Goligher, Ewan C., et al. "Effect of Lowering Vt On Mortality in Acute Respiratory Distress Syndrome Varies With Respiratory System Elastance." American Journal of Respiratory and Critical Care Medicine, vol. 203, no. 11, 2021, pp. 1378-1385.
Goligher EC, Costa ELV, Yarnell CJ, et al. Effect of Lowering Vt on Mortality in Acute Respiratory Distress Syndrome Varies with Respiratory System Elastance. Am J Respir Crit Care Med. 2021;203(11):1378-1385.
Goligher, E. C., Costa, E. L. V., Yarnell, C. J., Brochard, L. J., Stewart, T. E., Tomlinson, G., Brower, R. G., Slutsky, A. S., & Amato, M. P. B. (2021). Effect of Lowering Vt on Mortality in Acute Respiratory Distress Syndrome Varies with Respiratory System Elastance. American Journal of Respiratory and Critical Care Medicine, 203(11), 1378-1385. https://doi.org/10.1164/rccm.202009-3536OC
Goligher EC, et al. Effect of Lowering Vt On Mortality in Acute Respiratory Distress Syndrome Varies With Respiratory System Elastance. Am J Respir Crit Care Med. 2021 06 1;203(11):1378-1385. PubMed PMID: 33439781.
* Article titles in AMA citation format should be in sentence-case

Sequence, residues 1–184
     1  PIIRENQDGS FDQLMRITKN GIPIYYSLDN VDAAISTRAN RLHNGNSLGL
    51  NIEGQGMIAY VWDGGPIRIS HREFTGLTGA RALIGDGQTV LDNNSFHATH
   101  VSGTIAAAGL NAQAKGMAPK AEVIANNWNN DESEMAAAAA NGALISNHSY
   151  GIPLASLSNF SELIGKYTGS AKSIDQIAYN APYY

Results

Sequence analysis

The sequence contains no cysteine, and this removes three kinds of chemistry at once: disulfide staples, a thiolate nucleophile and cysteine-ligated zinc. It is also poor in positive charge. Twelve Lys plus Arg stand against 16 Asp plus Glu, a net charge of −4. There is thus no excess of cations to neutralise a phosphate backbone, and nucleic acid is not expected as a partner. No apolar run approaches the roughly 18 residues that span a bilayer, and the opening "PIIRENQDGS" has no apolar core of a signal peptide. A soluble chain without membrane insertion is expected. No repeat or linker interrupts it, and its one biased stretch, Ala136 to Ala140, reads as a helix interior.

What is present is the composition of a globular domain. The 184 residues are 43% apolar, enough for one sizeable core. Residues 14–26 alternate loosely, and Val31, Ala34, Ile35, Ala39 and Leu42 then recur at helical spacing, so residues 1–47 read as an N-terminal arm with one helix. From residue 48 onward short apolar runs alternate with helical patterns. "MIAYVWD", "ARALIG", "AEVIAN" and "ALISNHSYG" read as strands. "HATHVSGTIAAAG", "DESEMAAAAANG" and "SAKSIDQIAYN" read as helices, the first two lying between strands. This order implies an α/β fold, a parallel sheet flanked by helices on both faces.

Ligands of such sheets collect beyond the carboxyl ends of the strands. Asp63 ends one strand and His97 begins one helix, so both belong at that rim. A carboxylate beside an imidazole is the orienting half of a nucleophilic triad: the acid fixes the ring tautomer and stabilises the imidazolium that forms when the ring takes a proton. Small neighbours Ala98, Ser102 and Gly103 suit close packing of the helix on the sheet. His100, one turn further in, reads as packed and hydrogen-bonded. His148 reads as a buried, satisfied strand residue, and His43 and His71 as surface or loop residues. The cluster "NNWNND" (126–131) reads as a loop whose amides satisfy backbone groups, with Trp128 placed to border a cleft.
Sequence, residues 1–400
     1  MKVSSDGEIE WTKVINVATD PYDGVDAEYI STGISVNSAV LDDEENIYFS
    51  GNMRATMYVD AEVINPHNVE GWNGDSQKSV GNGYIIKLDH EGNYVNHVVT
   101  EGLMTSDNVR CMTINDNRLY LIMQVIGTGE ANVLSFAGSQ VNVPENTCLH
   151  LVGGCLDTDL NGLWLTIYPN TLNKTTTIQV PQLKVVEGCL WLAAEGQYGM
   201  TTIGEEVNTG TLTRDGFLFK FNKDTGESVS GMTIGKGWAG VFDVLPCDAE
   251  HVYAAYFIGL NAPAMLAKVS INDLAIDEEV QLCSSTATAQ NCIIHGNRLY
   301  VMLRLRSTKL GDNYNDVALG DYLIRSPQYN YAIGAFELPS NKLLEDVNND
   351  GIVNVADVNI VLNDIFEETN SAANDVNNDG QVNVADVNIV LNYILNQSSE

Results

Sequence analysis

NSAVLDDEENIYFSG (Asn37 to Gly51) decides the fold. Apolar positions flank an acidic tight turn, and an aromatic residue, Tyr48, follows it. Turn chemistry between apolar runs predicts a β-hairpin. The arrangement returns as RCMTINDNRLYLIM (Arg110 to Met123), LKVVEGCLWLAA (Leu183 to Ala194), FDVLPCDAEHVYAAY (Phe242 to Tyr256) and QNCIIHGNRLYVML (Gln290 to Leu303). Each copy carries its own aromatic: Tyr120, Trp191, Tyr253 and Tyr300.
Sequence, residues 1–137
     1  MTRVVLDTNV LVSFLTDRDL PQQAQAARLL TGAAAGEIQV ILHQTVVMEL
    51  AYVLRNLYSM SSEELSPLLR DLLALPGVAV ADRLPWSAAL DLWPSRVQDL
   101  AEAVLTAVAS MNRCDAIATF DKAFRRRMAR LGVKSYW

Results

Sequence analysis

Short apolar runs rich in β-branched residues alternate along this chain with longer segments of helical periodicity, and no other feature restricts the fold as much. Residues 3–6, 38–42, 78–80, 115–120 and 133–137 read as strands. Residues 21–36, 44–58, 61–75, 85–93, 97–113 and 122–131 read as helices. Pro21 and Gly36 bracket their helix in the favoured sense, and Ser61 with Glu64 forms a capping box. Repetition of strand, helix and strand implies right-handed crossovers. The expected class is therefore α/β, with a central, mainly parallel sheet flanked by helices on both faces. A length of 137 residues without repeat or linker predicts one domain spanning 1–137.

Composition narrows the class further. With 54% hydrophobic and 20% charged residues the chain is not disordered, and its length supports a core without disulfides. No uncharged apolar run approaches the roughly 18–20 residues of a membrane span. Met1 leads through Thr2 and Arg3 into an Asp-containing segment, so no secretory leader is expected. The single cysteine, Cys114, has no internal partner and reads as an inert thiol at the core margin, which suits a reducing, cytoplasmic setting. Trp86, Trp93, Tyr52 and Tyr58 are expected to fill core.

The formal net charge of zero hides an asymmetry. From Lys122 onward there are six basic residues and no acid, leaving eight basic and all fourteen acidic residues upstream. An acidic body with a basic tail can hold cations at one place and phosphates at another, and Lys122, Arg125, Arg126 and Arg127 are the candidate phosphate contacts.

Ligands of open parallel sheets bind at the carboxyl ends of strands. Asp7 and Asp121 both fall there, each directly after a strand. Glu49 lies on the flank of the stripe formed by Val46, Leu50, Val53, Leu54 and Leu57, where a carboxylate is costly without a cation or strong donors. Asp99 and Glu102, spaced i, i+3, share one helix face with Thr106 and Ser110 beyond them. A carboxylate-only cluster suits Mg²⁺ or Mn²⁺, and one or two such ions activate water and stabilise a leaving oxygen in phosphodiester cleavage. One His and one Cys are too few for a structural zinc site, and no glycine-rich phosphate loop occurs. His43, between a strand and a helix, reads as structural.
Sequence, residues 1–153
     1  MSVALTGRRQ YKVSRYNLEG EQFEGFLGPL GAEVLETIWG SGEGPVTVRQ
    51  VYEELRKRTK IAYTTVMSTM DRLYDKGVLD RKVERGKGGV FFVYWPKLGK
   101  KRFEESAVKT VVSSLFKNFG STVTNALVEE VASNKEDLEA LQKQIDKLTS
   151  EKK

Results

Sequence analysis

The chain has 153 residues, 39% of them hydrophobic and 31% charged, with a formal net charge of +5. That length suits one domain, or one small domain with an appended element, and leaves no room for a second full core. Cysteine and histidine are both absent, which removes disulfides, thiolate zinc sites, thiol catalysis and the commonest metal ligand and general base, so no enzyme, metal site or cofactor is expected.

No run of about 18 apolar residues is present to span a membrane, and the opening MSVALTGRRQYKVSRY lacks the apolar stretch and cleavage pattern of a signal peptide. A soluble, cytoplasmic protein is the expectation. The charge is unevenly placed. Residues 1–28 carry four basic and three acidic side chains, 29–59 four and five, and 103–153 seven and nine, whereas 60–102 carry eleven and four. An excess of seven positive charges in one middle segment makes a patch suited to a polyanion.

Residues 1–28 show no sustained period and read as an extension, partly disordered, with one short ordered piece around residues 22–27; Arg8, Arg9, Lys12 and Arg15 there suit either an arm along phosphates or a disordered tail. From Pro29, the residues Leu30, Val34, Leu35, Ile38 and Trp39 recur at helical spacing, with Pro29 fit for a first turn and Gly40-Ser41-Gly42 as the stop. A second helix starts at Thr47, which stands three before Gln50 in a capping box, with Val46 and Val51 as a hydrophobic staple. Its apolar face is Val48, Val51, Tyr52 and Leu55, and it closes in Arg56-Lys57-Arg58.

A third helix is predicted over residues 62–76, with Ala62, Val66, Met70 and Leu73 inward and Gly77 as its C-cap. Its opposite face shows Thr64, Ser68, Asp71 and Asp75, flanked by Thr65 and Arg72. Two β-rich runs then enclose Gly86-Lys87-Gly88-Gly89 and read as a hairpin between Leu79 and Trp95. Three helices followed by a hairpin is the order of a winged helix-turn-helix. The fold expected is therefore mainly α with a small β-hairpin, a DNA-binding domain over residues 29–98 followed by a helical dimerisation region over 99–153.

TY - JOUR T1 - Effect of Lowering Vt on Mortality in Acute Respiratory Distress Syndrome Varies with Respiratory System Elastance. AU - Goligher,Ewan C, AU - Costa,Eduardo L V, AU - Yarnell,Christopher J, AU - Brochard,Laurent J, AU - Stewart,Thomas E, AU - Tomlinson,George, AU - Brower,Roy G, AU - Slutsky,Arthur S, AU - Amato,Marcelo P B, PY - 2021/1/14/pubmed PY - 2021/8/4/medline PY - 2021/1/13/entrez KW - acute respiratory distress syndrome KW - driving pressure KW - lung-protective ventilation SP - 1378 EP - 1385 JF - American journal of respiratory and critical care medicine JO - Am J Respir Crit Care Med VL - 203 IS - 11 N2 - Rationale: If the risk of ventilator-induced lung injury in acute respiratory distress syndrome (ARDS) is causally determined by driving pressure rather than by Vt, then the effect of ventilation with lower Vt on mortality would be predicted to vary according to respiratory system elastance (Ers). Objectives: To determine whether the mortality benefit of ventilation with lower Vt varies according to Ers. Methods: In a secondary analysis of patients from five randomized trials of lower- versus higher-Vt ventilation strategies in ARDS and acute hypoxemic respiratory failure, the posterior probability of an interaction between the randomized Vt strategy and Ers on 60-day mortality was computed using Bayesian multivariable logistic regression. Measurements and Main Results: Of 1,096 patients available for analysis, 416 (38%) died by Day 60. The posterior probability that the mortality benefit from lower-Vt ventilation strategies varied with Ers was 93% (posterior median interaction odds ratio, 0.80 per cm H2O/[ml/kg]; 90% credible interval, 0.63-1.02). Ers was classified as low (<2 cm H2O/[ml/kg], n = 321, 32%), intermediate (2-3 cm H2O/[ml/kg], n = 475, 46%), and high (>3 cm H2O/[ml/kg], n = 224, 22%). In these groups, the posterior probabilities of an absolute risk reduction in mortality ≥ 1% were 55%, 82%, and 92%, respectively. The posterior probabilities of an absolute risk reduction ≥ 5% were 29%, 58%, and 82%, respectively. Conclusions: The mortality benefit of ventilation with lower Vt in ARDS varies according to elastance, suggesting that lung-protective ventilation strategies should primarily target driving pressure rather than Vt. SN - 1535-4970 UR - https://www.unboundmedicine.com/medline/citation/33439781/Effect_of_Lowering_Vt_on_Mortality_in_Acute_Respiratory_Distress_Syndrome_Varies_with_Respiratory_System_Elastance_ DB - PRIME DP - Unbound Medicine ER -